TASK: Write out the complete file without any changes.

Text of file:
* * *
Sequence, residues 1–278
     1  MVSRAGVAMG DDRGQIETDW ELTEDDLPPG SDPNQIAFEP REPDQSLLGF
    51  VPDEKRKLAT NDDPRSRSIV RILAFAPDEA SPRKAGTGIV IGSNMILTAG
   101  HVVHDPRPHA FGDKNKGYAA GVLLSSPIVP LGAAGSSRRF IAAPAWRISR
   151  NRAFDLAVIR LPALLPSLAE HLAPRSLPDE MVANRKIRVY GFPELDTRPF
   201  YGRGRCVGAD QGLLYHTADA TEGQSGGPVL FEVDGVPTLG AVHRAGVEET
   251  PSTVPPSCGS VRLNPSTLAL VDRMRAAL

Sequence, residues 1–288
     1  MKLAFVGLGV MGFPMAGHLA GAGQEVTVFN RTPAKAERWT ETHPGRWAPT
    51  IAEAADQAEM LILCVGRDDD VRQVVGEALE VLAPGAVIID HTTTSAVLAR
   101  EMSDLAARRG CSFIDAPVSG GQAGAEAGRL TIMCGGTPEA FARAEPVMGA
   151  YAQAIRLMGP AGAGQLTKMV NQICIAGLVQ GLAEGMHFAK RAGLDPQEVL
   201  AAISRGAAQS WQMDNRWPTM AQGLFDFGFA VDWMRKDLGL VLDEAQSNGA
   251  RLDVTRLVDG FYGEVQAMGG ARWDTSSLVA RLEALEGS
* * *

Sequence, residues 1–278
     1  MVSRAGVAMG DDRGQIETDW ELTEDDLPPG SDPNQIAFEP REPDQSLLGF
    51  VPDEKRKLAT NDDPRSRSIV RILAFAPDEA SPRKAGTGIV IGSNMILTAG
   101  HVVHDPRPHA FGDKNKGYAA GVLLSSPIVP LGAAGSSRRF IAAPAWRISR
   151  NRAFDLAVIR LPALLPSLAE HLAPRSLPDE MVANRKIRVY GFPELDTRPF
   201  YGRGRCVGAD QGLLYHTADA TEGQSGGPVL FEVDGVPTLG AVHRAGVEET
   251  PSTVPPSCGS VRLNPSTLAL VDRMRAAL

Sequence, residues 1–288
     1  MKLAFVGLGV MGFPMAGHLA GAGQEVTVFN RTPAKAERWT ETHPGRWAPT
    51  IAEAADQAEM LILCVGRDDD VRQVVGEALE VLAPGAVIID HTTTSAVLAR
   101  EMSDLAARRG CSFIDAPVSG GQAGAEAGRL TIMCGGTPEA FARAEPVMGA
   151  YAQAIRLMGP AGAGQLTKMV NQICIAGLVQ GLAEGMHFAK RAGLDPQEVL
   201  AAISRGAAQS WQMDNRWPTM AQGLFDFGFA VDWMRKDLGL VLDEAQSNGA
   251  RLDVTRLVDG FYGEVQAMGG ARWDTSSLVA RLEALEGS